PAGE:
A clue can be found in the titles of the IPCC’s periodical Assessment Reports, such as the most recent assessment Global Climate Change 2021: The Physical Science Basis. What is meant by those last four words? The easiest answer is to think of the physical science basis is as the mathematic, or quantitative basis, the basis necessary for the computer modelling of climate. When CO2 emissions emerged as a climate threat, science immediately turned to computer modelling to ascertain and predict the effects. Carbon emissions, well dispersed in the atmosphere, proved highly amenable to such modeling, while the biological/hydrological processes of land change were the opposite. Though we can feel the effects of land-change, and are surrounded by it in the form of wastelands and vanished species, it is almost impossible to render in quantitative terms. The processes are too detailed, complex, varied and changing.

A good many scientists are currently working to resolve the matter, quantifying land change effects and bringing them into global computer models, and we can expect the next round of IPCC assessments to include some of this work. But that’s still five to six years off, and by then trillions will have been spent on industrial infrastructure causing how much land change?

This must be the first and most tragic effect of leaving land change and water cycles out of the analysis. Nature disappears, reduced to quantities of carbon, buried under tech jargon, sacrificed all over again for a new era of human device and progress. To the plow, the ax and cattle drive, we now add the solar farm, transmission corridor and a new generation of mines.

Environmentalism has suffered mightily from this formulation, and now confronts a kind of ecological Sophie’s Choice: either sacrifice the land or sacrifice the climate. It can be that stark. Consider the US state of Virginia, who’s recently passed climate legislation is resulting in thousands of acres of forest being cut for solar farms and transmission corridors, much of it to support data centers for tech corporations like Google and Microsoft. Meanwhile, those citizens who elect to protect their forests rather than sacrifice them for energy generation are labeled NIMBYs.

But there’s more. With this big industrial push comes a parallel push for what is being called “permit reform.” The Inflation Reduction Act, recently passed in the US, contains 1.2 billion dollars to staff up permitting agencies in an attempt to rush this infrastructure. And I noticed, when Senator Joe Manchin tried to attach a “permit reform” bill to the IRA, the official environmental opposition was carefully directed at only the permitting reform around fossil fuels. Presumably, they are for it when it comes to industrial infrastructure deemed “green” or “clean.” Thus, another dichotomy: big green working to take away permitting power from little green, the locals defending their own land bases. Ask yourself how long you think such contradictions can last.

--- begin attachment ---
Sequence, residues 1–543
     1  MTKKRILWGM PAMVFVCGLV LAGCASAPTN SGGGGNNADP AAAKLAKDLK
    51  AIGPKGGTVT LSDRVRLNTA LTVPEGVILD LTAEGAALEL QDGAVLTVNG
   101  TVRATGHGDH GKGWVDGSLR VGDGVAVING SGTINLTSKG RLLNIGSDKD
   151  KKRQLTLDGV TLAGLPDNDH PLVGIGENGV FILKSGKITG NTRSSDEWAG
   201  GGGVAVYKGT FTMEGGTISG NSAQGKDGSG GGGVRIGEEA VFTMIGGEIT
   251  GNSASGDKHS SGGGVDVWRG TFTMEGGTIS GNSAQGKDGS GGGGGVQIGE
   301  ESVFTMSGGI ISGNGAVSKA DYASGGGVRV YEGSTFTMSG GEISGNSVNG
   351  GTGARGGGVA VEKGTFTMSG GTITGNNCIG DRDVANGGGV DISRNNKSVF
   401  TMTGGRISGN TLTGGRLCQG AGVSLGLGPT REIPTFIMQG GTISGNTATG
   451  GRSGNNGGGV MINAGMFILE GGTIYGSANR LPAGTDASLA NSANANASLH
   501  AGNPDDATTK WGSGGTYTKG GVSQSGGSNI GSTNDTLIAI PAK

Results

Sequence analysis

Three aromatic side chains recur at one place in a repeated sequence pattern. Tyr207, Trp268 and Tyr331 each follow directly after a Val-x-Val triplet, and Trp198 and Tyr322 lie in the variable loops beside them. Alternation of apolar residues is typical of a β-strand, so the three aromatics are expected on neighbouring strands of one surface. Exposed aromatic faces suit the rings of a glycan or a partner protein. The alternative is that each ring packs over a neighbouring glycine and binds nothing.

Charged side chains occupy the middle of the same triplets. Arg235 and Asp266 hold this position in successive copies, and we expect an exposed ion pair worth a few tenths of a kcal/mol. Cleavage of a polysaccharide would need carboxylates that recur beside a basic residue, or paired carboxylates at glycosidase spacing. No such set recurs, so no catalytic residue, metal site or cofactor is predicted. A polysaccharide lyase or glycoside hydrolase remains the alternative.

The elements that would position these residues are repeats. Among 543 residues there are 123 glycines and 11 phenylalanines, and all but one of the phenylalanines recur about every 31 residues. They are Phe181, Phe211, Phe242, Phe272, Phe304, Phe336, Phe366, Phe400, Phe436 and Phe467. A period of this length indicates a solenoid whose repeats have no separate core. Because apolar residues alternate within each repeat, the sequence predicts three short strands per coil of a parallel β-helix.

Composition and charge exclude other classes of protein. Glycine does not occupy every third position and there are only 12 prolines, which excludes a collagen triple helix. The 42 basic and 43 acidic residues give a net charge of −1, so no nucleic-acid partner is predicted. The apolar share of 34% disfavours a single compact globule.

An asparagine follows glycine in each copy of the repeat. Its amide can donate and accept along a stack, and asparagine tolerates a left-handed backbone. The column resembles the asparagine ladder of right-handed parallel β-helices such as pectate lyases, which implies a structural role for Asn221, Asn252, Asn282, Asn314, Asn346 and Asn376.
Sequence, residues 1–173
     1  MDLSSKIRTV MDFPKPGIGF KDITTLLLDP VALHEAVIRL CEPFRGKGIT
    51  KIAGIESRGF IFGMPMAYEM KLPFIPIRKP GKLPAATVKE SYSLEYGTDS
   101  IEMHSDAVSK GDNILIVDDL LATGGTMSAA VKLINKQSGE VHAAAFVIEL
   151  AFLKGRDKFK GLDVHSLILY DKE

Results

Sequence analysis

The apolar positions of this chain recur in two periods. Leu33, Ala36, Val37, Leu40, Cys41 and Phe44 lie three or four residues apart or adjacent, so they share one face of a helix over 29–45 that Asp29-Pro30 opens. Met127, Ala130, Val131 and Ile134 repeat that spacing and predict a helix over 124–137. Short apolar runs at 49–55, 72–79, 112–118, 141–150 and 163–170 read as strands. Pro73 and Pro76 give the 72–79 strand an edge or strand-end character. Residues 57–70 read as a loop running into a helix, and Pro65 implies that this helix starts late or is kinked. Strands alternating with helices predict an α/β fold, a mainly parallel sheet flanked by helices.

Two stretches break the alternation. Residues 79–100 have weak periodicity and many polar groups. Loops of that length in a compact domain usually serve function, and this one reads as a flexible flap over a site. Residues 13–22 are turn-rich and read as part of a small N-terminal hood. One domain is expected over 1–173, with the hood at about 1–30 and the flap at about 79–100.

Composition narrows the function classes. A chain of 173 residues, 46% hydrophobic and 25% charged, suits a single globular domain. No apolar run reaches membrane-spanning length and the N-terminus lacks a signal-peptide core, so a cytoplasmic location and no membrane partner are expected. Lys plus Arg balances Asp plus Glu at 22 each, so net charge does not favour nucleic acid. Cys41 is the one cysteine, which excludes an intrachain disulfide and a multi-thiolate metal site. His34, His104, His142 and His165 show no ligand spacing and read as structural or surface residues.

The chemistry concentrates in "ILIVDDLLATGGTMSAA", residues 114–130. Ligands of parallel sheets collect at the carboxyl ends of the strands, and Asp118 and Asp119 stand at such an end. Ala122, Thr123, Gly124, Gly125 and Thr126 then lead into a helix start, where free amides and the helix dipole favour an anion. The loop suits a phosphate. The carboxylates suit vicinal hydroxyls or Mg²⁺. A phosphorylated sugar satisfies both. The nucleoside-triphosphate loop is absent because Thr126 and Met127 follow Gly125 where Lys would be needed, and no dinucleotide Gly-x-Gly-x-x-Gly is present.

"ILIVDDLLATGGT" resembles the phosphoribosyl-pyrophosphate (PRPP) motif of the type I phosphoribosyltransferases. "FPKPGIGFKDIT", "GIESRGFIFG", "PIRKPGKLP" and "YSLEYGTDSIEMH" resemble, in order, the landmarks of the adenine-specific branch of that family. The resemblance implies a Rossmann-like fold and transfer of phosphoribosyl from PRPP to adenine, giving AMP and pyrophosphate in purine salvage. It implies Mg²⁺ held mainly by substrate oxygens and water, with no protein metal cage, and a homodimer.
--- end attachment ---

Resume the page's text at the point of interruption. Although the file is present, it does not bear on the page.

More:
There’s a personal dimension here as well. I know for myself, once I began learning about the biological, water-based aspects of climate, my view of climate and the natural world transformed. Muir’s oft-quoted observation, “when we try to pick out anything by itself, we find it hitched to everything else in the universe” suddenly came alive. I discovered, over and over, that when I grabbed the thread called “climate” it was hitched to everything on Earth, part of something very much alive and capable of recovery. And with that my doom, not my worry and concern and grief, but that powerless sense of doom vanished. I stood on different ground, having come to know its power.

Now I see my surroundings, my climate-shed if you will, not as climatically helpless against rising CO2 emissions, but the very basis for climate healing and recovery. This is what happens when you bring the living land back into the climate equation, it comes alive. The land turns ally, and a new clarity emerges, with a very different set of priorities.

First, protect all remaining wild and semi-wild places. They are the last living links to the once cool, wet Holocene climate, which we can still save. Understand that where land is at its healthiest, so it’s climate function.

Second, restore the lands we’ve already damaged. Here is where hope literally grows. For buried within the sad fact that half of Earth’s land has been converted to human use, is the stunning comprehension of just how much land is available and waiting for restoration, bringing new carbon sequestration and water cycling to the climate system at game-changing scale.

Third, stop “changing” land. Housing developments, logging, road building, solar farming, all continue with no public awareness of the climate damage being done. Integrate land change into the environmental review process.

Fourth, slow down, cool down—the only thing that ever has reduced emissions. The land is telling it needs rest and recovery, not to be subjected to a new industrial revolution.

Do we really need decades of climate modelling to figure these things out? Might there be other ways of approaching this crisis?

We are not alone in this. For the land, though degraded, still retains its potential for regeneration. Given a little protection, ecosystems recover. Even the poorest soils contain ancient seeds of bygone life, awaiting only water. And in the field, the land’s enthusiasm for reemergence continually exceeds the expectations of those working to restore it. It turns out that regeneration, and the passion for regeneration, is in the very grain and fiber of all that surrounds us.

Those seeds are in us too. That’s the invitation. But only the land, and the processes of life, can bring the water.

Photo by American Public Power Association on Unsplash